Kempis: Jakarta, Paris and the problem with selective grief


Nicole Kempis, Columnist

Last Thursday afternoon, a number of assailants associated with the Islamic State group attacked a shopping district in central Jakarta, Indonesia, killing eight people and wounding more. In many ways the attack resembled those in Paris last year, as it occurred in the heart of an international metropolis and was carried out in multiple locations. The social media reaction to the Parisian attacks was overwhelming and ubiquitous; in comparison, the response to the Jakarta attack has been minimal and limited to those associated with Indonesia.

Sheer numbers could account for this difference; 130 people were killed during the “Night of Terror” in Paris as opposed to the eight deaths in Jakarta. But early last year, 12 people died during an attack on Charlie Hebdo newspaper in Paris, resulting in global outrage and sparking numerous conversations about the line between hate speech and free speech.

Numerically, the Charlie Hebdo death toll is fairly similar to that of the Jakarta attack, yet our reaction has been completely different. In response to the events at Charlie Hebdo, Northwestern organized a panel discussing free speech and numerous staff and students attended a memorial held at a French cultural center in Chicago. I observed hundreds of friends comment and share posts about both Parisian attacks, yet I noted only three people respond to the tragedy in Indonesia.

Although it is impossible to place an objective value on human tragedy, these numbers illustrate that our response as a community is not directly proportional to the loss of human life. There must be other elements that govern our collective response to such calamities, such as complex beliefs rooted in cultural understanding and relatability.

In the wake of the Paris attacks in November, millions of Facebook users draped the French flag over their profile pictures and monuments worldwide sported the nation’s colors. It was touching to see the world respond to the French tragedy with compassion, but in the days following the attack a media countercurrent emerged. Articles and images were published criticizing the international community’s failure to acknowledge the almost simultaneous attacks in Beirut and Baghdad.

Our failure to respond to Jakarta is just one example among the many hypocrisies we practice on a daily basis. The Monday prior to the events in Jakarta, the Islamic State claimed the lives of 17 civilians in a mall in Baghdad and in Eastern Syria massacred at least 135 people on Saturday. The death toll is endless, and it would be impossible for everyone to constantly and adequately grieve for so many. Furthermore, we cannot begin to acknowledge the millions of Muslims whose daily lives are negatively affected by untrue stereotypes that are based on these extremist actions.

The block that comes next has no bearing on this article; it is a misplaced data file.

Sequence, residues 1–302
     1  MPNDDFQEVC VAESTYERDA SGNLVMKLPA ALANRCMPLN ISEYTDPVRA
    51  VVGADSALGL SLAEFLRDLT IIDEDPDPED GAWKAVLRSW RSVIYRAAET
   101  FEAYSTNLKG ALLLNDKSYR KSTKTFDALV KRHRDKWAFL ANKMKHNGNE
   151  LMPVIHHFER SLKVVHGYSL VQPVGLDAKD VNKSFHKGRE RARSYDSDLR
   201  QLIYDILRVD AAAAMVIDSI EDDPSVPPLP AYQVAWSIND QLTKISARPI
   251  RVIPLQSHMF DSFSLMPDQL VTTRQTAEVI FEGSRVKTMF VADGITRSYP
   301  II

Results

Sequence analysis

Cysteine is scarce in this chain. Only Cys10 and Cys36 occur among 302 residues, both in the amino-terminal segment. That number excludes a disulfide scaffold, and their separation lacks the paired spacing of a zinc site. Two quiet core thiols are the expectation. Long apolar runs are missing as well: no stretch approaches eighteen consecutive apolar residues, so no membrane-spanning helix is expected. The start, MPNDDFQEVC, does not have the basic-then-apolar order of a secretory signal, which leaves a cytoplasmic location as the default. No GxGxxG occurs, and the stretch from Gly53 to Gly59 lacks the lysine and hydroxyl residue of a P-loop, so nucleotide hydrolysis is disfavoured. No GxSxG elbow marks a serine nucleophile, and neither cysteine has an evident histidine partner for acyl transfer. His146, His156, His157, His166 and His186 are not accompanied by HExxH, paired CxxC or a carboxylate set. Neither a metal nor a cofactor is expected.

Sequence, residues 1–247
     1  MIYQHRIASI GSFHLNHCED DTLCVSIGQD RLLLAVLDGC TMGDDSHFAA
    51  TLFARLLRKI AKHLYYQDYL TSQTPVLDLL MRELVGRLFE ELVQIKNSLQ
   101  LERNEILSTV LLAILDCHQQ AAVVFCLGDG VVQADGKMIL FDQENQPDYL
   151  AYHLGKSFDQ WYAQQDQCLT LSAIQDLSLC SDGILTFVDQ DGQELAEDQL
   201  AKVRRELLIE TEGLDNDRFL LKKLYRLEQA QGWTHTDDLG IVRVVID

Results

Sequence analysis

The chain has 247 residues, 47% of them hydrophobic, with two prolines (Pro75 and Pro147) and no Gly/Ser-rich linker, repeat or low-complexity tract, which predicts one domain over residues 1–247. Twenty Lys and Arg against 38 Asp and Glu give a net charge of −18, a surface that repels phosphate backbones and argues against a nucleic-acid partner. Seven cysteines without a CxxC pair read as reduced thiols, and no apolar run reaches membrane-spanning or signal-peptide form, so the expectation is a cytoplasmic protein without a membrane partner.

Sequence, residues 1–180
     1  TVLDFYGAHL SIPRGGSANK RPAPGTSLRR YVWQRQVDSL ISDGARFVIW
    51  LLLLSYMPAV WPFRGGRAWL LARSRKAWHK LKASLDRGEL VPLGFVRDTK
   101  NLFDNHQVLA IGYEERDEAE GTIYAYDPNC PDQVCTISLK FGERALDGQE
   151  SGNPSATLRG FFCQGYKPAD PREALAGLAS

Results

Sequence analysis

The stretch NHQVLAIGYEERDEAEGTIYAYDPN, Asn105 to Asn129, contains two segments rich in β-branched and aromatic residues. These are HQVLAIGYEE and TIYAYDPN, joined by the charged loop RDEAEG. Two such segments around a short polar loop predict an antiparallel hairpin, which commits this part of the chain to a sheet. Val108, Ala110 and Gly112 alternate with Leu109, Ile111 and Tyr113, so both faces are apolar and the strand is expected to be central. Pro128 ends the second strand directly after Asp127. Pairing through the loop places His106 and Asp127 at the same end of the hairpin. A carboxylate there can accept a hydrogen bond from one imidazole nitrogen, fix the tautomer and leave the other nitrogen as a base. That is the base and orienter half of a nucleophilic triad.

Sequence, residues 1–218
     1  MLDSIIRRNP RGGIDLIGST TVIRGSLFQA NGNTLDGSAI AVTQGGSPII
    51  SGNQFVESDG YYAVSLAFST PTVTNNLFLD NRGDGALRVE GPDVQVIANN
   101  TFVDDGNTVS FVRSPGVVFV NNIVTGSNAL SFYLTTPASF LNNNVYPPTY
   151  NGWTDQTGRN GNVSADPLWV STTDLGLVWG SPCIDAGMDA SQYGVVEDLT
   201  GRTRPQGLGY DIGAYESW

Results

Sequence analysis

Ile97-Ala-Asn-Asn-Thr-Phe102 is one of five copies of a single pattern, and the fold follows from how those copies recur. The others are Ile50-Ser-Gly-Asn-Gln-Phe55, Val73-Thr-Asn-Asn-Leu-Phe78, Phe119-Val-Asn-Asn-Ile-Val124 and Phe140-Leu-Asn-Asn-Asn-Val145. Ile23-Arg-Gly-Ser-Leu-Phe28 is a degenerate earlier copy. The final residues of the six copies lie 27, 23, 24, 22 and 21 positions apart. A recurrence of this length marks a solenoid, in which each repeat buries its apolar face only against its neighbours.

So we choose who we grieve for, and in a community like Northwestern it is not surprising that we select Paris. We have a large French department that offers about 30 courses per quarter. There are a number of international students from France and a consistent cohort of French exchange students, as well as a number of NU students abroad in France every quarter. In comparison, NU does not offer classes in Indonesian and does not provide organized exchange programs to the region. In general, students are more likely to have visited Paris (historically one of the most visited cities in the world) than Jakarta. This does not excuse our state of hypocrisy, but it does explain it.

If we are going to react as a university to tragedies such as those in Paris and Jakarta, we need to make an effort to create some level of consistency in our response. There are students from all over the world at NU, and we cannot honestly claim we are an inclusive community if we honor some histories above others.

We cannot, and should not, stem the tide of grief in response to terrorist attacks in the Western world. Nor can we force the student body at NU to care about events in places to which they do not feel a genuine connection. The best way to forge authentic attachments to many countries is to meet people from all over the world, or to study a wide range of countries through a non-Eurocentric curriculum. There is no short-term solution to our hypocrisy. Authentic grief for deaths that occur in less developed countries can only happen once we start to understand others as truly human.

#kamitidaktakut, “Jakarta is brave.”

Nicole is a Weinberg sophomore. She can be contacted at [email protected] . If you would like to respond publicly to this column, send a Letter to the Editor to [email protected].

The views expressed in this piece do not necessarily reflect the views of all staff members of The Daily Northwestern.